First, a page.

Three Ways to Move Your Fundraising Forward

By: Patricia Kern, CFRE, Kern + Associates

There’s an old Wayne Gretzky quote that I love: “I skate to where the puck is going to be, not where it has been.”

For the past 20-plus (ok, 25-plus) years I have been in the non-profit sector. I’ve learned that most of the time those awesome individuals who have ‘fundraising’ in their job descriptions usually have the best instincts, the best listening skills and the best ideas about how to raise needed funds for their organizations.

However, they lack the time to listen to their instincts, act on the information they gathered, or implement their ideas.

I think the Great Gretzky may have the answer to some of the challenges we face in fundraising.

I skate to where the puck is going to be…

How do we know where to skate? Or in other words, where to fundraise? Who to ask?

The best fundraisers I have ever known are readers. They read the local newspapers. They read the business journals, regional magazines, and chamber newsletters to name a few. Why? They are studying. They read about the women and men in leadership in their community and they take note of their companies, their visions, and their plans. They read to anticipate alignment with mission and they take this insight and…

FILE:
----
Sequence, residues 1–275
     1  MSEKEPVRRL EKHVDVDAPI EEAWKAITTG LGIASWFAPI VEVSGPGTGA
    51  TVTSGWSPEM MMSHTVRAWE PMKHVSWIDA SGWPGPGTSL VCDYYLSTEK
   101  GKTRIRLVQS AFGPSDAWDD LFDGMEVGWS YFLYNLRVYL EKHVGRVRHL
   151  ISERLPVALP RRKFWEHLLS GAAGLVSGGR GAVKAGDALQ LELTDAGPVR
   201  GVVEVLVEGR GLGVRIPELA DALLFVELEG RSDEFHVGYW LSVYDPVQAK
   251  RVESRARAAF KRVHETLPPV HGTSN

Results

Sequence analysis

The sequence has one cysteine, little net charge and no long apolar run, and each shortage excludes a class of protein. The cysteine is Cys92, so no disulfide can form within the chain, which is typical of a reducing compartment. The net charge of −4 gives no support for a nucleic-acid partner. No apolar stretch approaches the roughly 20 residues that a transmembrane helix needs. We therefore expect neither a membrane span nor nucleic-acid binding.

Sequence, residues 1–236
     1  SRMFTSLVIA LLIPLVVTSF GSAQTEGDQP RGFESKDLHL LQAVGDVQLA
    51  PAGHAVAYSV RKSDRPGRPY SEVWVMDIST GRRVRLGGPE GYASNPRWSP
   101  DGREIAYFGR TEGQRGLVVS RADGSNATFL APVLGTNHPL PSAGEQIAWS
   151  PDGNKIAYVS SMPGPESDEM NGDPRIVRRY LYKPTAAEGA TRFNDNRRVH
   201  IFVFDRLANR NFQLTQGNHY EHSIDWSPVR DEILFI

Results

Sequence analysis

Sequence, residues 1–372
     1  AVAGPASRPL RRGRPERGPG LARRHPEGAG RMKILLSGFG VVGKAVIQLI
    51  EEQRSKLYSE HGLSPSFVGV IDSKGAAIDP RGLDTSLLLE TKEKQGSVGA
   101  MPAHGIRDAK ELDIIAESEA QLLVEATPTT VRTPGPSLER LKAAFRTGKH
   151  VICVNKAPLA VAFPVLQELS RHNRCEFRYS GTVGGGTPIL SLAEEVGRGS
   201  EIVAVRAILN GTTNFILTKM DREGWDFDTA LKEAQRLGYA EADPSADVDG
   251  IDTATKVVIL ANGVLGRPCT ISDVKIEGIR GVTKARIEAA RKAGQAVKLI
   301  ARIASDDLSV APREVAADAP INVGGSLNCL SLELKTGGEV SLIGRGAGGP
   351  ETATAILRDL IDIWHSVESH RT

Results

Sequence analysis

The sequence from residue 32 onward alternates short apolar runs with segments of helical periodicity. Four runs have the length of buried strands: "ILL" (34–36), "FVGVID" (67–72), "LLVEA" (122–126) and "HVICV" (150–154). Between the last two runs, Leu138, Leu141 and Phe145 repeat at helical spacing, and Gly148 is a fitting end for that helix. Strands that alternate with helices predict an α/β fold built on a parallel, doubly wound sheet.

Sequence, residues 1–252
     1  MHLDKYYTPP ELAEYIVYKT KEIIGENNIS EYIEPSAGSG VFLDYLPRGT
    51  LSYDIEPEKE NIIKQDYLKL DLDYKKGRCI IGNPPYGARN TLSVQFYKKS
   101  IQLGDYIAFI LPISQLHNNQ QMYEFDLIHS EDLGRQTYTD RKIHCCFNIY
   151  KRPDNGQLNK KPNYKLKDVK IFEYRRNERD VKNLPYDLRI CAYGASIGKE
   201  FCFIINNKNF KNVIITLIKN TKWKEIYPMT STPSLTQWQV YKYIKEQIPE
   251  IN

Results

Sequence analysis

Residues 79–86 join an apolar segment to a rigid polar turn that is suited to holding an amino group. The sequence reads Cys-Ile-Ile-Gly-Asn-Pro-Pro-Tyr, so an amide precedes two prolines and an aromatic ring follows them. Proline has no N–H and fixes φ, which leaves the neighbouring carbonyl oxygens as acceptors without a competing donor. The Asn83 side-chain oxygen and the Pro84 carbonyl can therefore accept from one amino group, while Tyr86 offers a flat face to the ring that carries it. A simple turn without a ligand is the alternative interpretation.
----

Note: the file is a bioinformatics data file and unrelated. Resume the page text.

I skate…

Skate. AKA: Move. Do not sit at your desk. Get up and get out of the office. Make appointments with prospects and donors. Schedule coffee time, breakfast huddles, and lunch dates. I know one executive who schedules lunch meetings every day. He schedules them a month out and he has a contact list that is amazing. He is getting to know people of all walks of life and while listening to others, he also builds relationships to share his goals and dreams for his organization. Truth. While you may think there’s no way you could do that every day what if you tried to schedule one lunch meeting a week? It’s all about getting out and skating…

…Not where it has been…

Is there a fundraising pattern at your organization? What? That doesn’t make sense. You’ve likely heard that those that who don’t study history are doomed to repeat it, right? Becoming a student of fundraising means learning what the fundraising story was for your organization a year ago, two years ago or more. Are you raising more or less today? Can you determine why? (If yes, good job! You’re already a good student!) Better yet, do you have a written plan for how to raise more this year? Or next year? If you haven’t yet won it on paper, you don’t have a plan. There are loads of good reading resources on writing fundraising plans but a few of my favorites are:

  • www.GivingUSA.org – This is a resource rich in history and analysis of fundraising.
  • www.simonejoyaux.com – I heard Simone once and it changed my fundraising life. Centering your plans on the donor is essential to your fundraising plan.
  • www.donordreams.wordpress.com – My buddy Erik Anderson has a great blog. Plus he’s cool.

Listen to Gretzky, Fundraiser. You are Great, too.

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